Meet Vojtěch

Hey, Vojtěch. Please, tell us a bit about yourself...

To take it from the professional side, I have been translating since 2007. I hold an M.A. in English Language Translation, and I have been in the world of video game localization since 2009 when I started as a video game localization tester, and slowly started even with game translations. Since then, I have participated in some 120+ video game localization projects for various clients, including the ones of Bohemia Interactive. I have been with Bohemia Interactive for four years now, both in-house and remote. I chose the field of video game localization because this way I am able to connect my hobby and passion with the skills I have and can offer. The field itself is very dynamic, fun and challenging, and somewhat more relaxed than perhaps a regular corporate career.

Can you tell us a random fact about yourself...

I used to play milsim Airsoft and was always interested in military topics, so working on games like Arma is kinda a dream fulfilled.

What was your first positive interaction with video games, that you can remember?

As a small kid, playing some old game on some old Atari or whatnot my father had borrowed for a week, where you were a gardener and had to destroy molehills. Then there is a memory of playing on PC with my friends; playing Alone in the Dark and Wolfenstein 3D: Spear of Destiny, Commandos, Heroes of Might and Magic I-III. What a blast!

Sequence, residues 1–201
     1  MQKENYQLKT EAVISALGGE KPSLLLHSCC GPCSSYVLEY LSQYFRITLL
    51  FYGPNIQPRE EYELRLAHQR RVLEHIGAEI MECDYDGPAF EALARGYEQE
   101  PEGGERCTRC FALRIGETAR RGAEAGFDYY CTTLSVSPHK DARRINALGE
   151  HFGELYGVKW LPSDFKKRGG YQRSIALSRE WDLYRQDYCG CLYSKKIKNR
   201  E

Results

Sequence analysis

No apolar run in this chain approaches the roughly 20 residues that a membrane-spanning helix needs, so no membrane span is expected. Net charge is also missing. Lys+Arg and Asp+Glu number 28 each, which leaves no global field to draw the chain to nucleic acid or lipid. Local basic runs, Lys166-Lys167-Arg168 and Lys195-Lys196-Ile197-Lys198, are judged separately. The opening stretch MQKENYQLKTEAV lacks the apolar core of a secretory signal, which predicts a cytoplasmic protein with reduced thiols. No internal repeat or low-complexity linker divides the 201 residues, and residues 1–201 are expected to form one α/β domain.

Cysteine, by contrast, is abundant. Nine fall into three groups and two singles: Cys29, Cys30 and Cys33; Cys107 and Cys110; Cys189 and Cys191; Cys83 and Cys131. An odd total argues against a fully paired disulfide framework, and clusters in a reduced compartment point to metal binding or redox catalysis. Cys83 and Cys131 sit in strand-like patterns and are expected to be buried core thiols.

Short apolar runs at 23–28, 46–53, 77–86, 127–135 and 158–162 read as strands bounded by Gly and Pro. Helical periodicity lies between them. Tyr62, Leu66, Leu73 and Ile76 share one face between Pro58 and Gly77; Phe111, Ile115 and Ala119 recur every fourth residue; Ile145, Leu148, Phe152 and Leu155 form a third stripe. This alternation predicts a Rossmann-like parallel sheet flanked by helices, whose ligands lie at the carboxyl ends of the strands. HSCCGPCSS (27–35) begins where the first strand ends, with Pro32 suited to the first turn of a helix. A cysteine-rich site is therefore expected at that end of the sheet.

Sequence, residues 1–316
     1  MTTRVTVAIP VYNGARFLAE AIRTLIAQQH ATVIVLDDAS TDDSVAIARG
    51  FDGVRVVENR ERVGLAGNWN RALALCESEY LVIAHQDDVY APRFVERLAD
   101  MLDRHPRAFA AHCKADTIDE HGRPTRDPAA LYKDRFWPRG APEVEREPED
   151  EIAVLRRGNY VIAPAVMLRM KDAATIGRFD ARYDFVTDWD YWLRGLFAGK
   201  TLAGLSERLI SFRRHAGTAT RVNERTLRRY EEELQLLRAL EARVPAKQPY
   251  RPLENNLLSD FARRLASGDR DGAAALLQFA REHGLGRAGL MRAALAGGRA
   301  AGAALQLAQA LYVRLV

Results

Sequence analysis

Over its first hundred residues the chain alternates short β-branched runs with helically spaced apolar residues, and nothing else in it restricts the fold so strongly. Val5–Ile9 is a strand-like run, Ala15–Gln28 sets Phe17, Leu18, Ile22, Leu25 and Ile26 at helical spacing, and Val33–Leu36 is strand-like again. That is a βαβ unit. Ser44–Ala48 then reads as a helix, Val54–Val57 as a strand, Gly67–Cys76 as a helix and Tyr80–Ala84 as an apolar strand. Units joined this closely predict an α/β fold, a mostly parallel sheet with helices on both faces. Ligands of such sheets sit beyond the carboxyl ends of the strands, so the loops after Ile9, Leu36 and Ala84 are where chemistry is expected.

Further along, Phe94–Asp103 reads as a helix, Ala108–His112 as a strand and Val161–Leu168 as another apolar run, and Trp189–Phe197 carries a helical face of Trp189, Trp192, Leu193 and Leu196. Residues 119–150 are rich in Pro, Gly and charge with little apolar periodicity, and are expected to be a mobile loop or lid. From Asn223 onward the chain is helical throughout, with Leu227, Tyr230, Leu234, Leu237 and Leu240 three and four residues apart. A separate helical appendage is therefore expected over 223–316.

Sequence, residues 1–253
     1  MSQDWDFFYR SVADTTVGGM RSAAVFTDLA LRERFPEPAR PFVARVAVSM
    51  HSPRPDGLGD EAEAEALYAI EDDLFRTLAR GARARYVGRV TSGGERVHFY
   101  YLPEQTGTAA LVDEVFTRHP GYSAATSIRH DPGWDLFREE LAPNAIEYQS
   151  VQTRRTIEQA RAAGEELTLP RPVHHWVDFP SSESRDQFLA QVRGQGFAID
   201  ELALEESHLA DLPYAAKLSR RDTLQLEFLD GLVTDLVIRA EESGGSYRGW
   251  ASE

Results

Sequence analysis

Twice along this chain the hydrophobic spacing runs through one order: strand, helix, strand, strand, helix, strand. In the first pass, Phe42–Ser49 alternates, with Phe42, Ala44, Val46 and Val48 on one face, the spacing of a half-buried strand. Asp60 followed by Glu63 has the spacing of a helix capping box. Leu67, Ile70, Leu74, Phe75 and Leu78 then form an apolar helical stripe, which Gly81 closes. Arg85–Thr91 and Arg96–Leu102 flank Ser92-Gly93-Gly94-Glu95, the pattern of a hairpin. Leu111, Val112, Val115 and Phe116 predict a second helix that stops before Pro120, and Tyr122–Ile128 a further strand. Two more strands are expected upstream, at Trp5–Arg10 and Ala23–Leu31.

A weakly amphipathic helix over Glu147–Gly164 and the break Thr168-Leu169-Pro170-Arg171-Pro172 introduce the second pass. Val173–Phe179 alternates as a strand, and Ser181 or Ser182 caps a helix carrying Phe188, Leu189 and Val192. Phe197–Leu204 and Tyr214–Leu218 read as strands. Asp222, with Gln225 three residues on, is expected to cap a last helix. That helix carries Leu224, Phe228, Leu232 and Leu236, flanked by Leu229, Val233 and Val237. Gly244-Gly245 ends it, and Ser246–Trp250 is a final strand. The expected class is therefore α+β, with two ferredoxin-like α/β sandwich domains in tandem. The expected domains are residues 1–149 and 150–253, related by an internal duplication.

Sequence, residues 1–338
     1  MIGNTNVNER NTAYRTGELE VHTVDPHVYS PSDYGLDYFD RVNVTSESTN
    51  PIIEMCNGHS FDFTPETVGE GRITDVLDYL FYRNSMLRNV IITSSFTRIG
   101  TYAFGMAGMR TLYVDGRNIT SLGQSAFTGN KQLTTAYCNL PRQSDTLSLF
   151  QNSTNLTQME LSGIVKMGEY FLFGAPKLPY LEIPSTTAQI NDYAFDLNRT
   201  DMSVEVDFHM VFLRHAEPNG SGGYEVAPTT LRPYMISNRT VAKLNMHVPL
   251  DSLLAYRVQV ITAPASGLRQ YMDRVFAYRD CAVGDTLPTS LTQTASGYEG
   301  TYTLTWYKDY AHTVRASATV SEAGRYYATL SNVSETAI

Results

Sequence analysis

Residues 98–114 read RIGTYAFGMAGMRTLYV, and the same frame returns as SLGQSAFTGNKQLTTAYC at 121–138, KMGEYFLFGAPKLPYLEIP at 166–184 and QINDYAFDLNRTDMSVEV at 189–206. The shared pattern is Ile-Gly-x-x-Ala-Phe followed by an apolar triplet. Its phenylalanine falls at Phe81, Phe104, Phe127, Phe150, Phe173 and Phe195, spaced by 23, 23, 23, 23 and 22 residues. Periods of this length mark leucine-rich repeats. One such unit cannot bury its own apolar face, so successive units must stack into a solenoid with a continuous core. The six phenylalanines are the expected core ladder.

And your most memorable video game moment?

Hard to say. Probably stalking the plains of Gothic, saving the world in TES: Oblivion, or having a blast in Half-Life 2. Or being absolutely consumed by the darkness of Fallout 1 and 2. What stands out is finding an Alien Blaster in a random encounter in Fallout 1 — that is like a one-in-a-million chance — then not saving the game, dying, and never finding it again. And, of course, I will never forget the dense, real, and addictive atmosphere of playing Operation Flashpoint, where I was scouring the forests for enemies, escaping without a weapon, or rolling into battles in a tank.

What's your all-time favourite video game? And what sort of game do you like to play generally?

All-time? Oh, man. So difficult. I really like the Gothic series, and The Elder Scrolls series. Half-Life 2 comes to mind, too. Crysis, Commandos, Battlefield, Wolfenstein, S.T.A.L.K.E.R., Metro, Operation Flashpoint, and The Witcher 3. But if I absolutely had to pick one, it would be Fallout 1. Probably thanks to the nostalgia and the strong impression games make on you when you are a kid. In general, I enjoy RPG, FPS, and military simulation games. Also some adventure games, the likes from Telltale.